Expert comments

Comments on this technology were invited from clinical experts working in the field and relevant patient organisations. The comments received are individual opinions and do not represent NICE's view.

Four experts commented on this briefing. All experts were familiar with or had used tests for monitoring levels of inflammation or measuring levels of the therapeutic drugs infliximab and adalimumab. Two experts were familiar with ProciseDx because it was undergoing testing in their NHS trusts.

Level of innovation

All experts advised that tests of C‑reactive protein, faecal calprotectin, and infliximab and adalimumab levels are routinely used in clinical practice. Two experts said that ProciseDx is a minor variation on an existing procedure. It is innovative because it is a point-of-care test that uses the same analyser for different assays and sample types. Two experts advised that ProciseDx does not measure antidrug antibodies against infliximab or adalimumab. They thought that this was a limitation compared with other assays.

Potential patient impact

All experts described benefits of monitoring levels of inflammation and therapeutic drugs in inflammatory bowel disease (IBD). Tests of C‑reactive protein and faecal calprotectin are important to assess disease activity and monitor clinical outcomes, while therapeutic drug monitoring can help healthcare professionals make therapeutic decisions. Results for C‑reactive protein and faecal calprotectin take at least 24 hours to be returned. Results of therapeutic drug monitoring may not be available for several weeks. All experts commented that ProciseDx could save time in getting results because tests would be done at the point of care instead of in a laboratory. One expert thought people may also prefer finger-prick whole blood sampling to serum sampling.

The experts advised that the technology could have potential harms if the assays are not reliable. This would affect treatment decisions and clinical outcomes. All experts advised that more evidence is needed comparing ProciseDx with standard laboratory tests for IBD.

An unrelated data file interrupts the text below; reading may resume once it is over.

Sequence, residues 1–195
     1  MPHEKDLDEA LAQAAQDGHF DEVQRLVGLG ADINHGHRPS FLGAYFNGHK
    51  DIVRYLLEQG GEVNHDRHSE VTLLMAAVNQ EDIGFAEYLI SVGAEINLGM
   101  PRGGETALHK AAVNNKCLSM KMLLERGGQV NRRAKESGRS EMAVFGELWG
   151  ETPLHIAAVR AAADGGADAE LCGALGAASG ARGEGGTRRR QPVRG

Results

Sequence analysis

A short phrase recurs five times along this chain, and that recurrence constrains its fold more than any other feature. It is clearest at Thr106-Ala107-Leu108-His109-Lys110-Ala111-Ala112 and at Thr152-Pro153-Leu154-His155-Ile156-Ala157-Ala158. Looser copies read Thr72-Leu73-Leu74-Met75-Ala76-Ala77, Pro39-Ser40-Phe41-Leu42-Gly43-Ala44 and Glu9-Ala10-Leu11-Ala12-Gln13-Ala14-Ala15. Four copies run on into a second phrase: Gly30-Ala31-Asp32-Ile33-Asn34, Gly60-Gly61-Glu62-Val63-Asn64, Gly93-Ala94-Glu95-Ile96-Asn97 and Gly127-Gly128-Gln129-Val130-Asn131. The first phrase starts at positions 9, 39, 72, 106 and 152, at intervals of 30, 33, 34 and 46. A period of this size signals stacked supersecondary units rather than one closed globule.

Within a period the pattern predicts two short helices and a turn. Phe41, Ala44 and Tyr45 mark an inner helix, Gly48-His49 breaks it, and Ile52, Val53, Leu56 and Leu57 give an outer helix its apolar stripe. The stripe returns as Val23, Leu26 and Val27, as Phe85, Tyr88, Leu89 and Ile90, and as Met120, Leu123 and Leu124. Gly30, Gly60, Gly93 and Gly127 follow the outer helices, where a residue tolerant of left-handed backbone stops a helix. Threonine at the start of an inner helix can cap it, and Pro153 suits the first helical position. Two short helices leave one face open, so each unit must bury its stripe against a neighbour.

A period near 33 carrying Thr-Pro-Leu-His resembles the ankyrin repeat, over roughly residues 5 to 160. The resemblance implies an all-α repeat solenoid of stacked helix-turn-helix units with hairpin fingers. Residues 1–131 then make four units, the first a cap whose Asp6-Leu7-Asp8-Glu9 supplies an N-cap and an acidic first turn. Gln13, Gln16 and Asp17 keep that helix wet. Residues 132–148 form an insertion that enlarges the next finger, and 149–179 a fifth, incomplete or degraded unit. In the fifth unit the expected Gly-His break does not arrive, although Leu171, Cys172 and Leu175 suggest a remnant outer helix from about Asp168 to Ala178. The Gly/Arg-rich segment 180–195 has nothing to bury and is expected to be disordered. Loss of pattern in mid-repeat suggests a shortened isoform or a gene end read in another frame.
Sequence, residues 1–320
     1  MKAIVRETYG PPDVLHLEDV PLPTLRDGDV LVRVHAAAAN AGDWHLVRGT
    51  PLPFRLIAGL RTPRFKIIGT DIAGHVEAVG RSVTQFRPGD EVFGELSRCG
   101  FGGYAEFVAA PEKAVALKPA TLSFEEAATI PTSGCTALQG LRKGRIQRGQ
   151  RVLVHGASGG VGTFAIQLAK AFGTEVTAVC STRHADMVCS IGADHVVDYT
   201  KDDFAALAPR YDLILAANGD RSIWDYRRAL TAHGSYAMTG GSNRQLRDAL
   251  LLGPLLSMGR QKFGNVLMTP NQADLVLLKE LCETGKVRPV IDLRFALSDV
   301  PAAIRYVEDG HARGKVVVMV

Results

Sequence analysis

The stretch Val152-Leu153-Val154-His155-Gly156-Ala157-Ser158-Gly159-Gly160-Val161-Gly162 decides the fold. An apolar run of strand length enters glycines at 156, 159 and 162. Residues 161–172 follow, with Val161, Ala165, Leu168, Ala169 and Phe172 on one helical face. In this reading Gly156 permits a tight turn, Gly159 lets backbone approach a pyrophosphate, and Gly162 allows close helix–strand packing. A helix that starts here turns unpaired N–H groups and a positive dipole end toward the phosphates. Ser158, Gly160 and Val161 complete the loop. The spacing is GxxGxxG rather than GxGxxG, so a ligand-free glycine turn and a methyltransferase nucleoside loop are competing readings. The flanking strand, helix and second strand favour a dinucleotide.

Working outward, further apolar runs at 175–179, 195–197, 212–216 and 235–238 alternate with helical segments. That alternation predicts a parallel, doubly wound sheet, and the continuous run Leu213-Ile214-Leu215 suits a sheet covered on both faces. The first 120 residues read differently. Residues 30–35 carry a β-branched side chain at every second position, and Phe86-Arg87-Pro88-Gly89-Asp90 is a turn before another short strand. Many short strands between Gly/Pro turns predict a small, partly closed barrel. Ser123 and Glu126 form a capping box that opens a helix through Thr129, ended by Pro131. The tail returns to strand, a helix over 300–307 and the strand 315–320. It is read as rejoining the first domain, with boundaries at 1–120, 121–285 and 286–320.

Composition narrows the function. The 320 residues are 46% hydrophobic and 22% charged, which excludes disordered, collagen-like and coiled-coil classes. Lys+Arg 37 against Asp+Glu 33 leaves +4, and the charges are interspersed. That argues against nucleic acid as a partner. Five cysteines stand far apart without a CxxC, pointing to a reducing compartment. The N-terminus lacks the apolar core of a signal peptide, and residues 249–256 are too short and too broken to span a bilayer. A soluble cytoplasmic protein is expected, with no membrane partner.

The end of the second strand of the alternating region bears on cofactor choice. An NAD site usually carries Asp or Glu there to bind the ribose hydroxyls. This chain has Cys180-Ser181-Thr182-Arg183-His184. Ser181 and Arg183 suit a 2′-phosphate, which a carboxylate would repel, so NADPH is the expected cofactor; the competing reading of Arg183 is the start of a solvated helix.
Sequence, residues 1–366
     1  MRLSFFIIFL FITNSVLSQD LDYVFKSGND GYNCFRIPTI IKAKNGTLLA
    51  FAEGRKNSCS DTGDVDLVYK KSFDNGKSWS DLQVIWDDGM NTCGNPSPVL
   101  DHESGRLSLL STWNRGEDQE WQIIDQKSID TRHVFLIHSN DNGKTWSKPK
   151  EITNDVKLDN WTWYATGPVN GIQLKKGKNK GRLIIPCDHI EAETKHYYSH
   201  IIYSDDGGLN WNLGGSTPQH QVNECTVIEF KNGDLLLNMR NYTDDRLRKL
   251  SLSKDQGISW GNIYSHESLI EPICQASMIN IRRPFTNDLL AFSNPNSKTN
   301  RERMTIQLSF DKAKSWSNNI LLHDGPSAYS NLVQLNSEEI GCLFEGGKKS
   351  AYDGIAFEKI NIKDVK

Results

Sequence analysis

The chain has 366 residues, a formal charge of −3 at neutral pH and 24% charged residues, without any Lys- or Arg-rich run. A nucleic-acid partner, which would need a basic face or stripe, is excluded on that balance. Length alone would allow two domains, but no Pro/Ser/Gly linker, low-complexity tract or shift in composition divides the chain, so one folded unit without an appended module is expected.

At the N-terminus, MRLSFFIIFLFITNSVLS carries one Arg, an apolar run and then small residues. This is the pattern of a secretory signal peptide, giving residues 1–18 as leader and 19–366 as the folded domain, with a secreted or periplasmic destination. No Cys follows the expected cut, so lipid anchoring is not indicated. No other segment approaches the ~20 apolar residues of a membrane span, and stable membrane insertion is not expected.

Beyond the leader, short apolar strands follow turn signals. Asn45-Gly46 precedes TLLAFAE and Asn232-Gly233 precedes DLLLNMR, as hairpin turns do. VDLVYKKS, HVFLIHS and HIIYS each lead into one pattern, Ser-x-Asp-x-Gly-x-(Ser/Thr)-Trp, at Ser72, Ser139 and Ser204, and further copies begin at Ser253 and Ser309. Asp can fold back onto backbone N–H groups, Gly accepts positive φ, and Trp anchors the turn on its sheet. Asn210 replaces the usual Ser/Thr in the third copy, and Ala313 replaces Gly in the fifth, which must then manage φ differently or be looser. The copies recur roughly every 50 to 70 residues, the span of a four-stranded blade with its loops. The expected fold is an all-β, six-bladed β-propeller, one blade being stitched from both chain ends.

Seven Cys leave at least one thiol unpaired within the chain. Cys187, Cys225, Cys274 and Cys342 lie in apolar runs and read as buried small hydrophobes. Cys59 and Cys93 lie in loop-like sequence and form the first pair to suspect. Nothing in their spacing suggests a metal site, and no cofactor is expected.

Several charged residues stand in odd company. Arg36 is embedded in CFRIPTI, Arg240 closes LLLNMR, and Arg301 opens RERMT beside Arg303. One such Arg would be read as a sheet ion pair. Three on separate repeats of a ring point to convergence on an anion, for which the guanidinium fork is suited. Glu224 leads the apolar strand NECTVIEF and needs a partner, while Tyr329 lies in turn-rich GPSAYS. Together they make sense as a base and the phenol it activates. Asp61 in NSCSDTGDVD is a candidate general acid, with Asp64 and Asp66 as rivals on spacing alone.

Potential system impact

The experts commented that ProciseDx could improve the management of IBD by facilitating faster treatment decisions. It may also reduce outpatient appointments because people would not have to return to clinic to get their results. One expert said that faecal calprotectin tests could be used every 3 to 6 months to effectively monitor IBD. People having anti‑TNF (tumour necrosis factor) therapy may also benefit from both reactive and proactive therapeutic drug monitoring once or twice a year. This could help healthcare professionals to detect and manage loss of response earlier, which may reduce flare-ups. The expert believed this could have system benefits because it may reduce the burden on primary care and community resources. It may also reduce emergency visits, hospitalisation, treatment change and surgery.

One expert described ProciseDx as small, portable and easy to use. All experts thought that it could be adopted with no change to standard care processes and only minor training. The experts said that ProciseDx could replace standard tests if objective validation of accuracy was confirmed.

General comments

The experts commented that ProciseDx could be used in most or all district general hospitals if it is shown to be safe and efficacious. One expert advised that it could be used with 80% of people with IBD, specifically people on anti‑TNF drugs or with suspected flares of inflammatory activity. Another expert said point-of-care testing could also be used in hospital settings to assist dosing in acute severe ulcerative colitis, but evidence on this is needed.

All experts advised that more evidence is needed before ProciseDx can be routinely used in the NHS. Research is needed comparing it with standard care tests to strengthen evidence on its reliability and validity in clinical practice. The evidence base would also benefit from research on the impact of point-of-care tests on clinical decision making in IBD, such as dose optimisation and treatment changes.